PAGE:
The impact

We consider the effects of sales and guidance on large standardized market rates: Treasury securities, overnight index swaps (OIS), and plain vanilla interest rate swaps. By looking across these markets, we can see the effectiveness of the transmission of the FOMC’s guidance across markets and the potential transmission, presumably in the opposite direction, of the pressure from Treasury sales.”

“The guidance announcements, which stated the FOMC’s expectations of low rates for two to three years, had pronounced effects on securities with maturities greater than the periods covered by the announcements…Directional changes in yields are consistent with expectations [chart below]. Guidance should work to damp the risk of holding longer maturities, and indeed guidance impacts are observed both within the period of guidance (thicker portion of gray lines) and beyond the guidance window (thinner portion). This is particularly true for the first guidance announcement where one observes a five year yield change twice the magnitude of that for the end of the guidance coverage period (roughly two years beyond the announcement date.”

“Guidance appears to have done more than simply alter expectations regarding the path of short-term rates over the announced period. One interpretation is that the announcements signaled a more accommodative stance by the committee rather than simply altering perceptions of the path of short term rates over guidance periods.”

“In contrast to the guidance announcements, interest rates rose on the days of the two MEP announcements, particularly for the two and three year maturity points…The MEP program announcements generally increase yields in line with expected supply effects. Estimated magnitudes of impact are greatest in the 2-3 year range, at roughly four basis points…Notably, the magnitude of the increase in rates was similar for the two and three year points even though market participants were aware that guidance almost fully covered the two year maturity but only two thirds of the three year maturity.”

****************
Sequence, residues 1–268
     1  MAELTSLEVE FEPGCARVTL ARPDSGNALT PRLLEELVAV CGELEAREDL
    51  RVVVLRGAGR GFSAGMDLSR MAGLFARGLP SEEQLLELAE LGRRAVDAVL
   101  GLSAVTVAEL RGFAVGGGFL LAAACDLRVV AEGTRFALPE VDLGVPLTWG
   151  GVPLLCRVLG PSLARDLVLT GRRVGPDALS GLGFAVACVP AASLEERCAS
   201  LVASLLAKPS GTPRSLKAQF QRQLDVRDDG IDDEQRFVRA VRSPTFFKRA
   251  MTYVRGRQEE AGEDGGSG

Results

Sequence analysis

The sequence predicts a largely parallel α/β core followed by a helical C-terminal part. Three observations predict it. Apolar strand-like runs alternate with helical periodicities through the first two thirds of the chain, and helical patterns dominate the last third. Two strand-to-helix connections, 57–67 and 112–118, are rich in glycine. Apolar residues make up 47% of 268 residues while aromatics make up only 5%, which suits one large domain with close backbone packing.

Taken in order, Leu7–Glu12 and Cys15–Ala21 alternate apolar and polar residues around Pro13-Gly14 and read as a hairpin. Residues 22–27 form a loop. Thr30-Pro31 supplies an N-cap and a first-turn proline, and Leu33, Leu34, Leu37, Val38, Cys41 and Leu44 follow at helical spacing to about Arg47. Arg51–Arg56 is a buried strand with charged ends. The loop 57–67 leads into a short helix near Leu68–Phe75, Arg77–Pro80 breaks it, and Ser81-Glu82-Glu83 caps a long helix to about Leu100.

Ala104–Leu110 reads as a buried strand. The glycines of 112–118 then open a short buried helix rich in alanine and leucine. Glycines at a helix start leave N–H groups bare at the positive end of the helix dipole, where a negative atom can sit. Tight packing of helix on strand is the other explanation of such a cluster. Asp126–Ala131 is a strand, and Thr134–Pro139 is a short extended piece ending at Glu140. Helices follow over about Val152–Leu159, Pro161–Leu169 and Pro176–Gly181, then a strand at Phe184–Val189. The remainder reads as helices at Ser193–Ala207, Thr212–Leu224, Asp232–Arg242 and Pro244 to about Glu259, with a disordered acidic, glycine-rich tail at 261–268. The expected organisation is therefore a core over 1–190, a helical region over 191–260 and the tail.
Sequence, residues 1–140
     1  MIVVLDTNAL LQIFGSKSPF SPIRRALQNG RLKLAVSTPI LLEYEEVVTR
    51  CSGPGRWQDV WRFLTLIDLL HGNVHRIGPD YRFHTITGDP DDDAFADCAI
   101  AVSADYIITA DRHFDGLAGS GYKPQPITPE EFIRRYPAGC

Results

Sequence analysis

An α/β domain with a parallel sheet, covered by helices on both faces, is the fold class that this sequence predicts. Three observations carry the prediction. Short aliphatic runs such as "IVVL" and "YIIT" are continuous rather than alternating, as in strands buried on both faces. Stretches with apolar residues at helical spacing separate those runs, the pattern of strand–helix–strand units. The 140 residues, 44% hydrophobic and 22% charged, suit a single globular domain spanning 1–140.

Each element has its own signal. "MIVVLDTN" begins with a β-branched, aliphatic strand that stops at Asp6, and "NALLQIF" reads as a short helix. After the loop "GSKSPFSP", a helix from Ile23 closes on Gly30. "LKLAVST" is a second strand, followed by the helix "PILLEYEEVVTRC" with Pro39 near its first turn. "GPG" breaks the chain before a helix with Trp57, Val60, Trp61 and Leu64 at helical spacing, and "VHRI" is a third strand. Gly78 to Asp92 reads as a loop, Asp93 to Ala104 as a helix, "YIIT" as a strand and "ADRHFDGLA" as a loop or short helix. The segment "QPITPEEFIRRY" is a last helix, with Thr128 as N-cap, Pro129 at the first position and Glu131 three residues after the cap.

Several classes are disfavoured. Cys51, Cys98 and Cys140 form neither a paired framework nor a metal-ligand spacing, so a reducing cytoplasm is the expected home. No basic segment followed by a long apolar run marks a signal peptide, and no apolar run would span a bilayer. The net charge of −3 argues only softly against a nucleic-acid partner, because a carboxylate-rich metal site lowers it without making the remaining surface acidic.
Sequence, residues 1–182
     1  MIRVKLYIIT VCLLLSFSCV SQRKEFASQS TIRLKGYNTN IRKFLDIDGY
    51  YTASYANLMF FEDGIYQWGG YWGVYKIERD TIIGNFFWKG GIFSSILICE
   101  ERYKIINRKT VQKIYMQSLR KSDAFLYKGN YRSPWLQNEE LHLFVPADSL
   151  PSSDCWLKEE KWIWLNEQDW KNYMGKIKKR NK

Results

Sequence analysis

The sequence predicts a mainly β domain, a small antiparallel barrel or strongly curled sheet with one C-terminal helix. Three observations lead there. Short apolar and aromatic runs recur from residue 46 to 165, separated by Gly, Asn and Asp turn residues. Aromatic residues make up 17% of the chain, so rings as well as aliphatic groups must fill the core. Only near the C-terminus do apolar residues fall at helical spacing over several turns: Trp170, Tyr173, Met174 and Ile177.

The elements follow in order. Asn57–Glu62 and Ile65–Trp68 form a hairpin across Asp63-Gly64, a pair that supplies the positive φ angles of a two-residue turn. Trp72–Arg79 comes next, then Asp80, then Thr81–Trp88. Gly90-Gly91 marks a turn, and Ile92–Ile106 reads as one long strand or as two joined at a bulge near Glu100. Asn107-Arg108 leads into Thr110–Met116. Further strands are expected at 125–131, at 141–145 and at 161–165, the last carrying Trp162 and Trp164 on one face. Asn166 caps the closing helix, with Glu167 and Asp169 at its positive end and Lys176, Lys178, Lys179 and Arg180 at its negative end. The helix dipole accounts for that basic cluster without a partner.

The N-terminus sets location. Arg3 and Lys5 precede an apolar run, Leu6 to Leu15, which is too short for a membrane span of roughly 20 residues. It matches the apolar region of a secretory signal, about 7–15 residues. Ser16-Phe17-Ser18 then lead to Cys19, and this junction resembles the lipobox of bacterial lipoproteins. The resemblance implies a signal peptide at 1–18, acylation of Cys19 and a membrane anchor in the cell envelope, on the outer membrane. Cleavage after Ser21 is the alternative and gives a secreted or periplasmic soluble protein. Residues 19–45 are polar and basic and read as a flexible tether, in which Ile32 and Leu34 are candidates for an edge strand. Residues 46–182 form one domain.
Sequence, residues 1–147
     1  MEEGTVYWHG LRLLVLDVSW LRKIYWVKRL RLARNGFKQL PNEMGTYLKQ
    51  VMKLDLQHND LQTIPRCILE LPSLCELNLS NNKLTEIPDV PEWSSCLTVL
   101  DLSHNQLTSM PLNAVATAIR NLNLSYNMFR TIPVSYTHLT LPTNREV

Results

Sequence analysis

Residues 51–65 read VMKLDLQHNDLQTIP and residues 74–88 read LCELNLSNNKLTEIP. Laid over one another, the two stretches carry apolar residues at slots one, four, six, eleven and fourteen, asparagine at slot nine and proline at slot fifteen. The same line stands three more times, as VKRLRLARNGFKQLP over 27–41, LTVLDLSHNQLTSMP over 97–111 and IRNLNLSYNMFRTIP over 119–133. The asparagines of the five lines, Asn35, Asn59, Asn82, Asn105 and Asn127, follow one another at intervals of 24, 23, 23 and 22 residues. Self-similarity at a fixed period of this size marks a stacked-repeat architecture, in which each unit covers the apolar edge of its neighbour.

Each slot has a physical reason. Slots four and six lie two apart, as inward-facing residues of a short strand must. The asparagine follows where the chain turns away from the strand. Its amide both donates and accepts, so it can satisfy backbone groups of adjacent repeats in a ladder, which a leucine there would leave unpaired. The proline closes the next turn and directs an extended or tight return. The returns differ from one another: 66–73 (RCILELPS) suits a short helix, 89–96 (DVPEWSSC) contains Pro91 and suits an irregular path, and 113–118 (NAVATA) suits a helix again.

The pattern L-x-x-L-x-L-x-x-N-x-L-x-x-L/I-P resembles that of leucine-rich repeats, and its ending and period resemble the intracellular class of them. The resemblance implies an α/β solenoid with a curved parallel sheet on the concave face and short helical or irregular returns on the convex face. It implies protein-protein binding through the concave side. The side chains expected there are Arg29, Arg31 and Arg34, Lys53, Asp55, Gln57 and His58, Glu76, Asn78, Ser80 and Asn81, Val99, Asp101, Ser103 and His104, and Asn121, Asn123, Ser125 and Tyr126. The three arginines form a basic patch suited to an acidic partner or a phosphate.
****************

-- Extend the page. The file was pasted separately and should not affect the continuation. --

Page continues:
“The implicit MEP policy trade-off was that the positive effects on the economy from purchasing long-dated Treasuries would more than offset the negative effects on the economy of selling short-dated Treasuries. In the absence of guidance, this trade-off could work either because the market for short-dated Treasuries is much deeper than for long-dated Treasuries or because the economy is more responsive to changes in long rates than short rates.”

“Our findings suggest that the MEP did raise rates modestly at the short end of the curve and that the increases were not significantly different for the sales of securities within the guidance windows than they were for securities with maturities that extend beyond the guidance windows, suggesting a high degree of substitutability within the relatively narrow maturity range that we examined. Similarly, market participants did not distinguish between maturities within and outside of the guidance period…Assuming the date-based guidance was viewed by market participants as a commitment to the path of short rates, the increases in rates associated with the MEP sales provide evidence that yields are composed of more than the arbitrage-free rate of return.”